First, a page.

Upon canal draining in Turners Falls, sea lampreys get help from environmental groups, volunteers

  • Kurt Heidenger of the Biocitizen environmental school in Westhampton holds up a rescued sea lamprey larvae on Monday that will be placed back in the river downstream in Turners Falls. Staff Photo/Paul Franz

  • Kurt Heidenger of the Biocitizen environmental school in Westhampton picks up a sea lamprey larvae on Monday that will be placed back in the river downstream in Turners Falls. Staff Photo/Paul Franz

  • Sea lamprey larvae, called ammocoetes, spend their first five years in the rivers they were born in.

  • Sea lamprey larvae, called ammocoetes, spend their first five years in the rivers they were born in. These are about 5 inches long. Staff Photo/Paul Franz

  • People from the Connecticut River Conservancy, the Biocitizen environmental school in Westhampton and the Fort River Watershed Association, along with other volunteers, pick up stranded juvenile sea lampreys from the drained power canal in Turners Falls on Monday. Staff Photo/Paul Franz

  • People from the Connecticut River Conservancy, the Biocitizen environmental school in Westhampton and the Fort River Watershed Association, along with other volunteers, pick up stranded juvenile sea lampreys from the drained power canal in Turners Falls on Monday. Staff Photo/Paul Franz

  • Dr. Boyd Kynard, an adjunct professor of environmental conservation at the University of Massachusetts Amherst, and volunteers collect hundreds of sea lampreys in the drained Turners Falls power canal on Monday. Staff Photo/Paul Franz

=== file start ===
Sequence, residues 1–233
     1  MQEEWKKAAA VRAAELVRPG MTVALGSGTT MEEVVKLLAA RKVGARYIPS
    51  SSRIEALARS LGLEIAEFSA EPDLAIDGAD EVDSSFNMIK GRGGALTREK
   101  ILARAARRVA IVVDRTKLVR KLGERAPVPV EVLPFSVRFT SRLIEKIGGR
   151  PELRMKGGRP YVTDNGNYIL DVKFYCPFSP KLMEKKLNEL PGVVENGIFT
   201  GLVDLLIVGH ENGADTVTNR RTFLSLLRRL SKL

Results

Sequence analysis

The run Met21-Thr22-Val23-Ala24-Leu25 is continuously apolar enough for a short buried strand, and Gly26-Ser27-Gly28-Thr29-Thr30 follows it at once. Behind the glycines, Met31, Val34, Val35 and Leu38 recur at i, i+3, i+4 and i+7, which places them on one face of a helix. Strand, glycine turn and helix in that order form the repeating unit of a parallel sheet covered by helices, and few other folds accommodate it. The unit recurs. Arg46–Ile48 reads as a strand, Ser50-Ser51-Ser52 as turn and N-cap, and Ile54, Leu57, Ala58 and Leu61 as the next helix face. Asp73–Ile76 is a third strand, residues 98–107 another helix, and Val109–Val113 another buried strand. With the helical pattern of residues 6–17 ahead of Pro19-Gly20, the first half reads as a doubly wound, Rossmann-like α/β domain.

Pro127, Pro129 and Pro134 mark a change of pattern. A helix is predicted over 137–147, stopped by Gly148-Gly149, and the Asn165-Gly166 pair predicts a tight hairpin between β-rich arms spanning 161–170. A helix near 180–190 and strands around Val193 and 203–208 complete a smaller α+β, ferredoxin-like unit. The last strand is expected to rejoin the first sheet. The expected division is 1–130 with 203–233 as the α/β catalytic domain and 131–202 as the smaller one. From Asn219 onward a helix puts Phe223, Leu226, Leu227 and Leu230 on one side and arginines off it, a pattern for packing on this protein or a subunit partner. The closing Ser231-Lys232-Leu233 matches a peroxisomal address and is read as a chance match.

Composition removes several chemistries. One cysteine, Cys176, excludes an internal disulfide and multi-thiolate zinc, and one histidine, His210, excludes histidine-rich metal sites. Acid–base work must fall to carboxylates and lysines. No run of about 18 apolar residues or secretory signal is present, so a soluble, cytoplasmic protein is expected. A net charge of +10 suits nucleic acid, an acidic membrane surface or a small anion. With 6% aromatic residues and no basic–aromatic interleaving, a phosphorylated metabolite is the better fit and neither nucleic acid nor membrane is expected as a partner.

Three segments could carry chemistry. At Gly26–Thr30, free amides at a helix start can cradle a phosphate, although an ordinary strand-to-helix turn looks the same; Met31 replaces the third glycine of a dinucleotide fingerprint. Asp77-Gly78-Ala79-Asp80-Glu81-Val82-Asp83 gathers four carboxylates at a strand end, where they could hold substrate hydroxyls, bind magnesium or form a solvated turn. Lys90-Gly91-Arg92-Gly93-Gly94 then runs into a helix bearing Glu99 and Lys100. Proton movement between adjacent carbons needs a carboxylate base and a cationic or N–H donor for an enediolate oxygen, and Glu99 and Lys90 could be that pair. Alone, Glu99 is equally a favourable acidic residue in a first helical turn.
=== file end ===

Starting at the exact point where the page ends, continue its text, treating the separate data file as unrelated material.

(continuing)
Staff Writer
Published: 9/16/2020 1:37:29 PM

TURNERS FALLS — Experts say that sea lampreys, a parasitic eel that breeds in the Connecticut River Basin, have remained largely unchanged for more than 340 million years and have survived at least four major extinction events. But, to survive the annual draining of the Turners Falls power canal, they need a little help from some friends.

On Monday, local environmental groups and volunteers put on their muck boots and plodded through ankle-deep mud, picking up the stranded, worm-like creatures.

Dr. Boyd Kynard, an adjunct professor of environmental conservation at the University of Massachusetts Amherst and owner of the environmental consulting business BK Riverfish, was the hub of the action. He collected nets full of sea lampreys from the spread-out volunteers, gathering them in an aerated 5-gallon bucket.

“We have the largest breeding population on the East Coast here (in the Connecticut River Basin),” Kynard said. “They are the keystone species for the entire Connecticut River Watershed.”

When the canal is drained each year for maintenance and dredging, most of the fish are able to escape downstream through the open gates at Cabot Station. The sea lampreys, however, are out of luck because they survive the first five years of life by burrowing into the mud, feeding on plankton and organic detritus that drifts by.

Last year, Kynard and his associates saved 2,000 larvae and about 1,000 juveniles that were about to migrate. The Connecticut River Conservancy, Fort River Watershed Association and the Westhampton-based Biocitizen environmental school all had crews picking up the 1- to 5-year-old larvae, called ammocoetes, on Monday.

Kynard said he’ll release the collected sea lampreys downstream in the Connecticut River, where they will find new silt and sand to burrow into and continue to grow.

Reach Paul Franz at 413-772-0261, ext. 266 or pfranz@recorder.com.




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